By late February 2002, the Department of Justice indicted Randel for his leaking of Lord Ashcroft's name. It was an eighteen count "kitchen sink" indictment; they threw everything they could think of at Randel. Most relevant for Karl Rove's situation, count one of Randel's indictment alleged a violation of Title 18, United States Code, Section 641. This is a law that prohibits theft (or conversion for one's own use) of government records and information for non-governmental purposes. But its broad language covers leaks, and it has now been used to cover just such actions.
Randel, faced with a life sentence (actually 500 years) if convicted on all counts, on the advice of his attorney, pleaded guilty to violating Section 641. On January 9, 2003, Randel was sentenced to a year in a federal prison, followed by three years probation. This sentence prompted the U.S. attorney to boast that the conviction of Randel made a good example of how the Bush administration would handle leakers.
Precedent bodes ill for Rove
Rove may be able to claim that he did not know he was leaking "classified information" about a "covert agent," but there can be no question he understood that what he was leaking was "sensitive information." The very fact that Matt Cooper called it "double super-secret background" information suggests Rove knew of its sensitivity, if he did not know it was classified information (which by definition is sensitive).
United States District Court Judge Richard Story's statement to Jonathan Randel, at the time of sentencing, might have an unpleasant ring for Rove.
Judge Story told Randel that he surely must have appreciated the risks in leaking DEA information. "Anything that would affect the security of officers and of the operations of the agency would be of tremendous concern, I think, to any law-abiding citizen in this country," the judge observed. Judge Story concluded this leak of sensitive information was "a very serious crime."
"In my view," he explained, "it is a very serious offense because of the risk that comes with it, and part of that risk is because of the position" that Randel held in DEA. But the risk posed by the information Rove leaked is multiplied many times over; it occurred at a time when the nation was considering going to war over weapons of mass destruction. And Rove was risking the identity of, in attempting to discredit, a WMD proliferation expert, Valerie Plame Wilson.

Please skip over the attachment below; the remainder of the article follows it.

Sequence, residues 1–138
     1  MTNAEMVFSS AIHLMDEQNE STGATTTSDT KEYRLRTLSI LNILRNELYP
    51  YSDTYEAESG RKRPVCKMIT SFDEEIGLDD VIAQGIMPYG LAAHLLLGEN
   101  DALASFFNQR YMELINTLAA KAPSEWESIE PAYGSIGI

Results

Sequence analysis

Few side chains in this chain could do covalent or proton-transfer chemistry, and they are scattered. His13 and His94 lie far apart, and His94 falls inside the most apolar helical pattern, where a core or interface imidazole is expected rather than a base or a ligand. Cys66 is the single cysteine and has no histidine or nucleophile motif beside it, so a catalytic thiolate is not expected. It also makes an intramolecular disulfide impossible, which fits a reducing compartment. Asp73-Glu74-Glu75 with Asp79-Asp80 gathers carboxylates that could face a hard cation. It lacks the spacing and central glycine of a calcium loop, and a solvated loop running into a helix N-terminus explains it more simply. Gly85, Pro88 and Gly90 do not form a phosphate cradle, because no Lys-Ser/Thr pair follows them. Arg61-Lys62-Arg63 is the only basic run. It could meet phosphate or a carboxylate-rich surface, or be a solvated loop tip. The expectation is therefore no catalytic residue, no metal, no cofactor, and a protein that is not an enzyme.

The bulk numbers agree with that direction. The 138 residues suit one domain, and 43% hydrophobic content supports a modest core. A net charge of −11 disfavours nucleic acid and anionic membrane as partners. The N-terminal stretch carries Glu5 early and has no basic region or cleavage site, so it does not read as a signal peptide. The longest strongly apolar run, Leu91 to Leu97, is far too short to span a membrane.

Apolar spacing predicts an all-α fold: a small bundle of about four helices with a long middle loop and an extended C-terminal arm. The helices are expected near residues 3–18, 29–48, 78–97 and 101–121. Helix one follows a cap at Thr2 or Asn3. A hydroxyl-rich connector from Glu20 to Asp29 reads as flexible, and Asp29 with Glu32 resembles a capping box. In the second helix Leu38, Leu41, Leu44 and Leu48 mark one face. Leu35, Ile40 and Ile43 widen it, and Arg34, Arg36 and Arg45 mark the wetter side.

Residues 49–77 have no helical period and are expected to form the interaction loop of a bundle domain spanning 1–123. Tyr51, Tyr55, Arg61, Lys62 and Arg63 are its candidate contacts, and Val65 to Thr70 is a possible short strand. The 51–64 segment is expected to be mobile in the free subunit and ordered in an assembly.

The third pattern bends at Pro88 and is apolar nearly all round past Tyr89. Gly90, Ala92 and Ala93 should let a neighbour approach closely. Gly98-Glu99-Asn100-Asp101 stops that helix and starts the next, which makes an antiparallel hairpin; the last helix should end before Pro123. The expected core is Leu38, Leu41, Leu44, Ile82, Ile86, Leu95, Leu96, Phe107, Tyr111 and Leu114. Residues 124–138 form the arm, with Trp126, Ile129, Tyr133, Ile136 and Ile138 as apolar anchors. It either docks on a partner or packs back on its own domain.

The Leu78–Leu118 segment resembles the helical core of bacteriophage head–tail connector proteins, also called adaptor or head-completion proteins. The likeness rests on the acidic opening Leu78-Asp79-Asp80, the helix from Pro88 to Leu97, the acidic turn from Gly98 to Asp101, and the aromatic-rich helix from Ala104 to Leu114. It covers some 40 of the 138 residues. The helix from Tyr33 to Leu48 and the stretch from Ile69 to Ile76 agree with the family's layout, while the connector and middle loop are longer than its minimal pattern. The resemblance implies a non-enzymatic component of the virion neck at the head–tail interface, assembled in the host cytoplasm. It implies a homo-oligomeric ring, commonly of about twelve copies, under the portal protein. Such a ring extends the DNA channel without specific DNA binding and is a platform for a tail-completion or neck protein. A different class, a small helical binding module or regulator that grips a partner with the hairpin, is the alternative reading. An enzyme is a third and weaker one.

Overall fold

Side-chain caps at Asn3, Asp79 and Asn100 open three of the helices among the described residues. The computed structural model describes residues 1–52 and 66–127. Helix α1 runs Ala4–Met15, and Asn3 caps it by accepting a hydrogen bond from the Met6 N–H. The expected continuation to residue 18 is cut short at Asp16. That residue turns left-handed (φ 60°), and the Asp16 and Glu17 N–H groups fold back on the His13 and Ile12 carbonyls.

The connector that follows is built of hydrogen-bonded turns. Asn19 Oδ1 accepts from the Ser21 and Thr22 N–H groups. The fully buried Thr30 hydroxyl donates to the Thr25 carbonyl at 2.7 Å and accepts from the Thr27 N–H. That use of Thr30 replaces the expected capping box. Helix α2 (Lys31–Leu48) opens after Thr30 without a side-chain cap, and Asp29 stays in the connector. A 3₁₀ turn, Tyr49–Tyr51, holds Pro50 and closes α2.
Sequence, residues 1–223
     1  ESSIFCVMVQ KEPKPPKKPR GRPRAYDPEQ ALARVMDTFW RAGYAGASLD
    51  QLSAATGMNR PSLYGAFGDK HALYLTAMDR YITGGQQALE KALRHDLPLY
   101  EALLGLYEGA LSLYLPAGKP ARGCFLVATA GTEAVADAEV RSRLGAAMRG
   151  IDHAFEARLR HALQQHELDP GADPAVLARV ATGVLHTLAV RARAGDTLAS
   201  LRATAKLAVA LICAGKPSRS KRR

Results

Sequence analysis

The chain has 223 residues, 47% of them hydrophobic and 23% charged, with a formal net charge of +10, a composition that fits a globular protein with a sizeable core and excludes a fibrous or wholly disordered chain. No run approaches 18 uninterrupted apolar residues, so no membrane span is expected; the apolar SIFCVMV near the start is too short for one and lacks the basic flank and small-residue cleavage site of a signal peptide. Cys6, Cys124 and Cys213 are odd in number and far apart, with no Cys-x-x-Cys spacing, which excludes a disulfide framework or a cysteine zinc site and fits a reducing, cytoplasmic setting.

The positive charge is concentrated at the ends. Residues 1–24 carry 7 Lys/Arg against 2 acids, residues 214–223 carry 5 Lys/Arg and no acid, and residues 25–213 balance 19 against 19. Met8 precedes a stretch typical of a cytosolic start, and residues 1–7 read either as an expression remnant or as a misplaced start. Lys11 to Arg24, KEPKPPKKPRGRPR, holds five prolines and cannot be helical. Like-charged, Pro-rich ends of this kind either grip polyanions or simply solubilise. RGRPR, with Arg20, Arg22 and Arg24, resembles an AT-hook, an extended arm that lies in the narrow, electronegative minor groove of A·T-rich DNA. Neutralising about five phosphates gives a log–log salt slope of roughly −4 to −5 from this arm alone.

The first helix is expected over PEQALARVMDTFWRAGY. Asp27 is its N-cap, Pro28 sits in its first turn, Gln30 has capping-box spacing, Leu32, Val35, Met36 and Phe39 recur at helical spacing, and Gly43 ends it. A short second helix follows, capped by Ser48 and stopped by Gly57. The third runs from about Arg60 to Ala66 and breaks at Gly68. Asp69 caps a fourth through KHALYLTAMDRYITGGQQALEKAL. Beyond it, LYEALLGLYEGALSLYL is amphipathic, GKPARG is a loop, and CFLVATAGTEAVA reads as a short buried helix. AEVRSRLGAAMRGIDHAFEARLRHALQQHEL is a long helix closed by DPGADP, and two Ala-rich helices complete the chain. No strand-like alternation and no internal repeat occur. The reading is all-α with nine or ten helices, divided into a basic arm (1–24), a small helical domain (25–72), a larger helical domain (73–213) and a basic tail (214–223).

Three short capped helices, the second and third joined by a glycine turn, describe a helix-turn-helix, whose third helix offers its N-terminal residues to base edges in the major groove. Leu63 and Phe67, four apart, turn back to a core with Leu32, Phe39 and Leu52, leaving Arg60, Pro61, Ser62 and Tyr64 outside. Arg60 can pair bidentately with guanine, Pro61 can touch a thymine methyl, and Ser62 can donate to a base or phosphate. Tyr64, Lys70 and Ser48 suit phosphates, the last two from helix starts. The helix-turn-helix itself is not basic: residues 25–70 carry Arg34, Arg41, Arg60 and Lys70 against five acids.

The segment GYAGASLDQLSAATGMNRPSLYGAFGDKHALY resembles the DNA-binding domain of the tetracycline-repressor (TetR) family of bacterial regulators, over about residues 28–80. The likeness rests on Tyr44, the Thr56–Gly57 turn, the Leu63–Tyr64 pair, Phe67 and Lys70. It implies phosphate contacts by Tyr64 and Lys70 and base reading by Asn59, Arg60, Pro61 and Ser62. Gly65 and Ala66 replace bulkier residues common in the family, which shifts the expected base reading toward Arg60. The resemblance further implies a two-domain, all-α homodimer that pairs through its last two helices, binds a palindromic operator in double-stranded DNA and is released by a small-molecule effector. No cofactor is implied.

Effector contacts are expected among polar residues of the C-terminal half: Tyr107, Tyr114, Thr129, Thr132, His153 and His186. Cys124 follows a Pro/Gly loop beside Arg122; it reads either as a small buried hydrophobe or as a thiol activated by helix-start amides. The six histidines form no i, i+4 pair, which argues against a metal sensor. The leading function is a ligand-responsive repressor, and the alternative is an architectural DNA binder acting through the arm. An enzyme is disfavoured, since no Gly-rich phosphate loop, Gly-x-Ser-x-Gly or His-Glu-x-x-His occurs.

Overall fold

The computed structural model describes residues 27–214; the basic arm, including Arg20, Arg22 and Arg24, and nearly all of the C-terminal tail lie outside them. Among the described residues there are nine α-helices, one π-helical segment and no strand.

Judge Story acknowledged that Randel's leak did not appear to put lives at risk, nor to jeopardize any DEA investigations. But he also pointed out that Randel "could not have completely and fully known that in the position that [he] held."
Is not the same true of Rove? Rove had no idea what the specific consequences of giving a reporter the name of a CIA agent (about whom he says he knew nothing) would be--he only knew that he wanted to discredit her (incorrectly) for dispatching her husband to determine if the rumors about Niger uranium were true or false.
Given the nature of Valerie Plame Wilson's work, it is unlikely the public will ever know if Rove's leak caused damage, or even loss of life of one of her contracts abroad, because of Rove's actions. Dose anyone know the dangers and risks that she and her family may face because of this leak?
It was just such a risk that convinced Judge Story that "for any person with the agency to take it upon himself to leak information poses a tremendous risk; and that's what, to me, makes this a particularly serious offense." Cannot the same be said about Rove's leak? It dealt with matters related to national security; if the risk Randel was taking was a "tremendous" risk, surely Rove's leak was monumental.
While there are other potential violations of the law that may be involved with the Valerie Plame Wilson case, it would be speculation to consider them. But Karl Rove's leak to Matt Cooper is now an established fact.
First, there is Matt Cooper's e-mail record. And Cooper has now confirmed that he has told the grand jury he spoke with Rove. If Rove's leak fails to fall under the statute that was used to prosecute Randel, I do not understand why.
There are stories circulating that Rove may have been told of Valerie Plame's CIA activity by a journalist, such as Judith Miller, as recently suggested in Editor & Publisher. If so, that doesn't exonerate Rove. Rather, it could make for some interesting pairing under the federal conspiracy statute (which was the statute most commonly employed during Watergate).